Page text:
08/22/2019, 16.03
SRI LANKA
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Sri Lankan activists call for changes to Islamic marriage law to end discrimination against women

by Melani Manel Perera

According to advocacy groups, Muslim women are treated as second-class citizens. The existing law dates back to 1951. For the past 30 years, attempts have been made to change the law to include a minimum age. Child brides are commonplace. Rape against married teens is not punished.

Colombo (AsiaNews) – Hundreds of activists and civil society groups are calling for changes to Sri Lanka’s law on Islamic marriage and divorce, which discriminates against women and treats them as second-class citizens.

A total of 197 activists and artists as well as 30 associations signed a joint declaration asking the government to overhaul, after 30 years of waiting, the law governing Islamic marriage.

In Sri Lanka, marriage and divorce for Muslims are regulated by separate legislation, namely the 1951 Muslim Marriage and Divorce Act (MMDA), which set up Quazi courts to settle marriage disputes.

Ever since its adoption, women have complained that the law discriminates against them. For activists, failure to address the problem places women in a vulnerable position and undercuts their right to equality under the country’s constitution.

Specifically, adult women resent being treated as minors. In the case of marriage, they object to the need of getting the permission of a "guardian".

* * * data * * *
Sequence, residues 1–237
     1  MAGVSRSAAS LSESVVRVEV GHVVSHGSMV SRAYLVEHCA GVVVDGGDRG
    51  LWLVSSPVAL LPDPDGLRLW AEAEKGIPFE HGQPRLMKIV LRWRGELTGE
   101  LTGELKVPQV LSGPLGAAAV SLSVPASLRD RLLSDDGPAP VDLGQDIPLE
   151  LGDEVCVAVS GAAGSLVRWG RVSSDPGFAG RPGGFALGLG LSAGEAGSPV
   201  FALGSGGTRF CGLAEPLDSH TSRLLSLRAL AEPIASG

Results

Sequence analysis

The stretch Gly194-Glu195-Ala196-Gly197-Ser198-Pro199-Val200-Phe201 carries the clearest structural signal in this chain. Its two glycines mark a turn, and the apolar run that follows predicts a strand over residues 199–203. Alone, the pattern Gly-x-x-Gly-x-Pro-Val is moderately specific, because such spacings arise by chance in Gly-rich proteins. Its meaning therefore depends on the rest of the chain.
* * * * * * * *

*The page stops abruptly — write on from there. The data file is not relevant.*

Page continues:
What is more, unlike non-Muslim Sri Lankan women whose age of marriage is 18, the MMDA allows child marriages by not specifying a minimum age.

Penalties for raping girls aged 12 to 16 are not applicable in the case of married Muslim girls. Other forms of discrimination concern divorce, polygamy and spousal support.

Activists and associations have been trying for years to get comprehensive reform, notes Lawyer Ermiza Tegal. One of the most disputed points is the lack of women judges ruling on issues concerning women, and women lawyers representing women.

The law makes in effect Muslim women “second-class citizens”. And the lack of a minimum age has led to hundreds of cases of girls married off before they reach 18. Between 2011 and 2016, 870 girls aged 13 to 18 were married in the Ampara District alone.

In the declaration, advocacy groups urgently call on the Sri Lanka Government to take action to address the repeated its failure to protect Muslim women and children.

Whilst acknowledging differing views within the Muslim community, including among Islamic clerics and scholars, the various groups remind the authorities that they have the responsibility of protecting all citizens equally.

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